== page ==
Next morning, pre-heat the oven to 200C/gas mark 6. Place the tomatoes in a non-metallic dish in a single layer and pour over the olive oil. Roast the tomatoes for an hour. Toss the cumin in a hot dry frying pan over a medium heat until it has darkened. Grind to a powder. Put the cumin, chillies, minced chillies, ginger, garlic, turmeric, sugar, fish sauce and vinegar/mustard seed mixture into a liquidiser. Blend till smooth.

Pour the spice paste into a heavy-bottomed pan over a medium flame and stir until it comes to a boil. Stirring all the time, simmer for 10-12 minutes. This is prone to spitting while cooking.

Add the tomatoes and simmer, still stirring, for another 15 minutes (depending on how juicy your tomatoes are) until the chutney has thickened. Watchpoint here - do not let the chutney catch on the bottom of the pan. Season with salt and  black pepper to taste. Pour into clean warm, dry jars and seal.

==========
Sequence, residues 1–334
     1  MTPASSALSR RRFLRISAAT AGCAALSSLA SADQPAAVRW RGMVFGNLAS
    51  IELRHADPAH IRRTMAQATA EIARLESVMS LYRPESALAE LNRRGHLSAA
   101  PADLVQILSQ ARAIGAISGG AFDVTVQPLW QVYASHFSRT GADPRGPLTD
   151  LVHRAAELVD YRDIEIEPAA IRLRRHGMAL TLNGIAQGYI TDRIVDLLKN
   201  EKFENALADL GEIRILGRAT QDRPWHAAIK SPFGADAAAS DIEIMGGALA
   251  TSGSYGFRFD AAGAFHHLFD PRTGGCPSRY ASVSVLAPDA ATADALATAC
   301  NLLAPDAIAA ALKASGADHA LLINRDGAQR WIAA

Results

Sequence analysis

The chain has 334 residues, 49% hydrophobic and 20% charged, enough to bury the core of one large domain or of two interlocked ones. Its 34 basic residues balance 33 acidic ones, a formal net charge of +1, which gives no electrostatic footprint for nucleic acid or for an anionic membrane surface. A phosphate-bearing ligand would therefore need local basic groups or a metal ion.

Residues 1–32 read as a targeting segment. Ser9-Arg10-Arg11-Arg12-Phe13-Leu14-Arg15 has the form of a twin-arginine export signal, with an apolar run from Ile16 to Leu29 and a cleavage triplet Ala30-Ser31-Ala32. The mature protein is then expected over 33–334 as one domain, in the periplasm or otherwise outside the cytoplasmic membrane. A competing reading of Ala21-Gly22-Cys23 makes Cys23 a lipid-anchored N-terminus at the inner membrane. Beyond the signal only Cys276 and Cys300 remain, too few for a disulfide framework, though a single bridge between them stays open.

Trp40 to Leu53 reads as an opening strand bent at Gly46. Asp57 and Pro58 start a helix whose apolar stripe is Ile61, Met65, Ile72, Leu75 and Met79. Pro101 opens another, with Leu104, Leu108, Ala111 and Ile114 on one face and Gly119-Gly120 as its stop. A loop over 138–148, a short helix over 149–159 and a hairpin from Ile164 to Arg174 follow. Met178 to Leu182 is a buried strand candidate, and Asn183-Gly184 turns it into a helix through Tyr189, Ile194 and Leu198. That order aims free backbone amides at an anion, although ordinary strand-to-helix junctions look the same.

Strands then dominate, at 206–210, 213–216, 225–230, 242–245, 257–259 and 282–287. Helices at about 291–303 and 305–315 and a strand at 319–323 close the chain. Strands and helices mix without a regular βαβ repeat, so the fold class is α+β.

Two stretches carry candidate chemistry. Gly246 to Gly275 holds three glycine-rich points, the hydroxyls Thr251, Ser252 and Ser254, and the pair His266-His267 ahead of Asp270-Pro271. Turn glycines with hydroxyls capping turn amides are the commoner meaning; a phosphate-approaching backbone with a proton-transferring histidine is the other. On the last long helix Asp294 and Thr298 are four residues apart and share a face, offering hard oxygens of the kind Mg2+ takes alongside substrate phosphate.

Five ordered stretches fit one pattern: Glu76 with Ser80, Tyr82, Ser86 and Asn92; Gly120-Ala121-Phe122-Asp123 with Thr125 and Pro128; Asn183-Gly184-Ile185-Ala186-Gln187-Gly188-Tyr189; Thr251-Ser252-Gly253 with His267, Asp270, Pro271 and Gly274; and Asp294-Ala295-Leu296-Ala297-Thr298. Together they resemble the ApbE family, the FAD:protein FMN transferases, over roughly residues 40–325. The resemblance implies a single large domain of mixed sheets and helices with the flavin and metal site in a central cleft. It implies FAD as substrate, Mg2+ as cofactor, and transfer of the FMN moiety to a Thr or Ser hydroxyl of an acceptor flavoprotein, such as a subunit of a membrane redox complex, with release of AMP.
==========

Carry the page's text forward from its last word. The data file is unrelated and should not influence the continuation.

Just two and a half small jars...

 Store for two to three weeks before eating.

The first jars from the 2013 tomato harvest...

From Guardian ‘Living Food’, August 21 1999 – Jeremy Lee, Blue Print Cafe, Butlers Wharf London SE1

Posted by Pauline [not Tim]

Wednesday 18 September 2013

Chock full o'nuts

After the total failure of our nut harvest last year, when we didn't get a single walnut on our old tree, this year seems to be making up for it. This is probably down to the weather improving pollination, and the weather again, which has caused a crash in the population of small rodents. Today I harvested cobnuts and filberts from our bushes, planted in 2007 and producing a reasonable yield for the first time.

Hazel Nuts [Corylus avellana]

Cobnuts (avelines in French) are hazelnuts with attitude. Cobs and hazels are the same species, Corylus avellana, and we have a wild specimen in the hedge at the end of the orchard. Filberts are a different species, Corylus maxima, originating on the Balkan peninsula. The cobnut has a short husk (papery casing to the nut) from which the nut protrudes, whereas the husk of the filbert is long and covers the nut. The famous Kentish Cob is in fact a filbert. As the flowering of male and female flowers does not always coincide and weather conditions may be unfavourable, the Royal Horticultural Society advise that better pollination is obtained if two or more cultivars are planted.

A comparison... Filberts on the left, hazel cobs on the right.